As military recruitment continues to wane, officials look to fill ranks with 16-year-olds: Will Dems use this to push younger voting age?
By JD Heyes // Jul 21, 2019

For years, the U.S. military has had an increasingly more difficult time meeting its annual recruitment goals and there have been a number of reasons for that.


You might not think that’s possible in a country of some 320 million people, but thanks to negative cultural, dietary, societal, and political influences, the Army, Navy, Marine Corps, Air Force and Coast Guard have all had trouble attracting enough new recruits to fill the ranks.

As more youth are overweight, saddled with police records, testing positive for drugs, have body alterations such as tattoos or cannot pass basic entrance exams, the military overall has had to change — that is, reduce — standards in order to meet recruitment goals.

Not only that, but there are directives to expand the services’ numbers, especially the Army, as the service seeks to beef up its force in the face of rising threats around the world.

Now, however, the Pentagon is considering an even more radical change: Lowering the recruiting age to 16 years old, at least in some cases, which some believe the Democratic Party will use to its political advantage.

As the Washington Times reports, it isn’t as if the idea is unique to America. There are more than a dozen countries, including the United Kingdom, that have already lowered the enlistment age to 16:

Critics say the idea is deeply flawed and presents a host of societal problems, but supporters argue that the Pentagon needs to think outside the box if it wants to continually overcome one of the toughest recruiting environments in decades.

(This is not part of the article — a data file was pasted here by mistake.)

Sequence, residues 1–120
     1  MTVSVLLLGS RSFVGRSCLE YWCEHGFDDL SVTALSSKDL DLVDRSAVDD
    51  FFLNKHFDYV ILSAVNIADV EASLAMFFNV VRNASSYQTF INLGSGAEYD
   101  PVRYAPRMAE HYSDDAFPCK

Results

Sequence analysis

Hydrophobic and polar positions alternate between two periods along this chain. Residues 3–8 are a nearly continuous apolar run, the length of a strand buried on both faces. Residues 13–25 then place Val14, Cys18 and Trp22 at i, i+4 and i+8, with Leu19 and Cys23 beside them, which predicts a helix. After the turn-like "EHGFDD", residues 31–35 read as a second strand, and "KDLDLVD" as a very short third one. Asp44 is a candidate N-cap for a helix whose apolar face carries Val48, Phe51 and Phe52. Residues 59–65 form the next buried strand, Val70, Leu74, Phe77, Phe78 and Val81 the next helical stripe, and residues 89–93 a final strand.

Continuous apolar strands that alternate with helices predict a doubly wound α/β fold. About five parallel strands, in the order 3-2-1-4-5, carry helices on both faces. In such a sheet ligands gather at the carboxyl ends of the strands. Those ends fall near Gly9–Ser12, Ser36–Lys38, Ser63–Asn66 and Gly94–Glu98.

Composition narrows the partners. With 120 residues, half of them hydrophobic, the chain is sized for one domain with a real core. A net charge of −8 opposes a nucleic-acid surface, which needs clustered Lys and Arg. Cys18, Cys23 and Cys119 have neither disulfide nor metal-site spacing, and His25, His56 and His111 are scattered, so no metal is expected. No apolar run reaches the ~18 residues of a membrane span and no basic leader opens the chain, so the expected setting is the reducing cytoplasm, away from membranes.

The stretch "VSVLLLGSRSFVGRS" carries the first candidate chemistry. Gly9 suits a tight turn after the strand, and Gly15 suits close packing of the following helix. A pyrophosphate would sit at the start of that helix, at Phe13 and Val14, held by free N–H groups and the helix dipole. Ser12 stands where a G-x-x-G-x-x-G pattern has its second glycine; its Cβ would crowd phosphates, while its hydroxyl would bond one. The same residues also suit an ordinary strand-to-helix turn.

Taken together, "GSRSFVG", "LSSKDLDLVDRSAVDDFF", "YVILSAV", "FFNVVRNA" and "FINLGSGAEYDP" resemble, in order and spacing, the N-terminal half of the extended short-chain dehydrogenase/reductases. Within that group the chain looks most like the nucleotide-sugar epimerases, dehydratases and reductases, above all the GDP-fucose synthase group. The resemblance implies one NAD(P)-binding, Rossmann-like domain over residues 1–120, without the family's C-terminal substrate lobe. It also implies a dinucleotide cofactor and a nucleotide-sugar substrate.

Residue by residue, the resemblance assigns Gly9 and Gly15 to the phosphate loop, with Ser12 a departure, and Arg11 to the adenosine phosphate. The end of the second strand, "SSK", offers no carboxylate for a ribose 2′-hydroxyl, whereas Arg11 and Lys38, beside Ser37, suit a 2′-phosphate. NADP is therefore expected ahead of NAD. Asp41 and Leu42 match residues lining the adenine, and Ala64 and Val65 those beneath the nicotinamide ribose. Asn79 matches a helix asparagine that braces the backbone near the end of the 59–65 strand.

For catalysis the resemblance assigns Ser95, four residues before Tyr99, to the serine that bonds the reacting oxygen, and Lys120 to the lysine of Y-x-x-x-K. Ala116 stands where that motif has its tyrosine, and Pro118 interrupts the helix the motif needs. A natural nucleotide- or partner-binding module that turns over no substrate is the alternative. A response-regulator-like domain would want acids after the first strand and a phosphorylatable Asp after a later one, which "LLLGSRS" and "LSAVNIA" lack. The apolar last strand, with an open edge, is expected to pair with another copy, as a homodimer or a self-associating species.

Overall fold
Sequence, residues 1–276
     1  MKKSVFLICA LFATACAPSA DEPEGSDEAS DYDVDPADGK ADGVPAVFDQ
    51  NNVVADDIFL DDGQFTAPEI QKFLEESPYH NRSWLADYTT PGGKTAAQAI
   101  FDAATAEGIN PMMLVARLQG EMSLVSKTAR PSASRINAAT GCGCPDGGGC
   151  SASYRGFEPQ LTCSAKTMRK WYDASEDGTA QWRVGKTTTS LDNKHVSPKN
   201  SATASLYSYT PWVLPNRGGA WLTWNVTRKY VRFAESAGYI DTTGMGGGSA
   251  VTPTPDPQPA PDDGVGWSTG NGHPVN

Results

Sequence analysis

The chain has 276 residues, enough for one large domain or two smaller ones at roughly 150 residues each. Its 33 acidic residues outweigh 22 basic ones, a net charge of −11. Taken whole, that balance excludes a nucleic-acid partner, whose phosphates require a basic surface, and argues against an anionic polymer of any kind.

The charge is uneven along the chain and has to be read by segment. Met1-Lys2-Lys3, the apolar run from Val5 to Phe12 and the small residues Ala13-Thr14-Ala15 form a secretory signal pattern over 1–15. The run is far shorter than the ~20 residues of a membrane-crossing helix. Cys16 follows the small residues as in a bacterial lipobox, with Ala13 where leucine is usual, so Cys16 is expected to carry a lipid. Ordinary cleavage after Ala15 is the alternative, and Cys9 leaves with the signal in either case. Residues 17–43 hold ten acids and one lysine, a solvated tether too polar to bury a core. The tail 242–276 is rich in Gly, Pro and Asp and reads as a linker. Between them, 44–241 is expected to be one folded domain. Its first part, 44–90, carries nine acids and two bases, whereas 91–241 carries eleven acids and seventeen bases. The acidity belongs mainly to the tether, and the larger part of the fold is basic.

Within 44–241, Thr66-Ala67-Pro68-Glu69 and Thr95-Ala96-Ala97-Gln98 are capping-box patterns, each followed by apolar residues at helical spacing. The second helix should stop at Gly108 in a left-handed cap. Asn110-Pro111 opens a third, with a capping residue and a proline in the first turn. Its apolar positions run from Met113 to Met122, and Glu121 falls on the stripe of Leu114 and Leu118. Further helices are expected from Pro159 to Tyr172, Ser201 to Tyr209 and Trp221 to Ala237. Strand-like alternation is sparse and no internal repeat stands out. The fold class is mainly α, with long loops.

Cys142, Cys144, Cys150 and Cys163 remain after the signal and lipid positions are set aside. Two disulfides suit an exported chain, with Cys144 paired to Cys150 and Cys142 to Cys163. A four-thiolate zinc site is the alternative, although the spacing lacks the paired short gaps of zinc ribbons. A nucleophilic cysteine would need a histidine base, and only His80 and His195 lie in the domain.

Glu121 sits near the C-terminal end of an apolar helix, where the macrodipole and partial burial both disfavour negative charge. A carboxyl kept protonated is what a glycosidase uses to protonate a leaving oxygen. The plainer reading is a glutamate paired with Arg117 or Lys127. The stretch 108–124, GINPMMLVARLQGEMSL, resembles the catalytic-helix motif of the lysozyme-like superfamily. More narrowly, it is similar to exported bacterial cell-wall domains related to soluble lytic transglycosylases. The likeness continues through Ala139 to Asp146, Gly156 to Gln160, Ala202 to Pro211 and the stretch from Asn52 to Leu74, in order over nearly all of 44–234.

Neither the military nor lawmakers have given any indication that they are entertaining the idea, but some analysts say that opening the ranks to younger Americans could provide unique benefits and may be the kind of fundamental overhaul the recruiting system needs for the 21st century.

“For one,” Shane McCarthy, chief marketing officer of Sandboxx, a leading tech firm that connects members of the military abroad with their families and friends back home, “many of the factors that disqualify older youths from joining — like criminal records — are not present in younger teens.”

Will Democrats use this to push for lowering the voting age?

That’s true; but as someone who has spent 15 years in both the Army and Navy, suffice to say that the military culture is a very mature one — as it must be because our armed forces are charged with defending our country — and it’s way too much for the average 16-year-old mind to grasp and accept. 

That’s why the military hasn’t lowered its recruitment age already and why even 17-year-olds often have to still get parental consent before they can enlist.

“Currently, of the 75% of 17- to 24-year-olds who are ineligible to serve, for example, 10% are ineligible due to criminal records,” McCarthy wrote in a recent article for the Military Times. “And, according to the Department of Justice, there are twice as many arrests of 18- to 20-year-olds as there are arrests of 15- to 17-year-olds.”

So — why not work on changing the culture? Or finding ways to issue waivers for older potential recruits who haven’t committed violent crimes? 

Besides, given the current political environment, if the military would ever adopt a plan to enlist 16 year olds, who believes Democrats wouldn’t seize on that to push their initiative to allow 16-year-olds to vote, as they’ve already tried?

After all, if a young man or woman can serve, why can’t they vote (even though they can’t smoke, own or buy a firearm, or drink alcohol)?

For now, cooler heads appear to be winning this battle. Peter Warren Singer, a senior fellow at the Washington think tank New America and author of the book “Children at War,” warns that the very suggestion reflects a “misunderstanding [of] the different brain chemistry of youths and their ability to make informed judgment” which would destroy “the day-to-day lives of the poor drill instructors and commanders of these teens’ first unit,” the Times reported.

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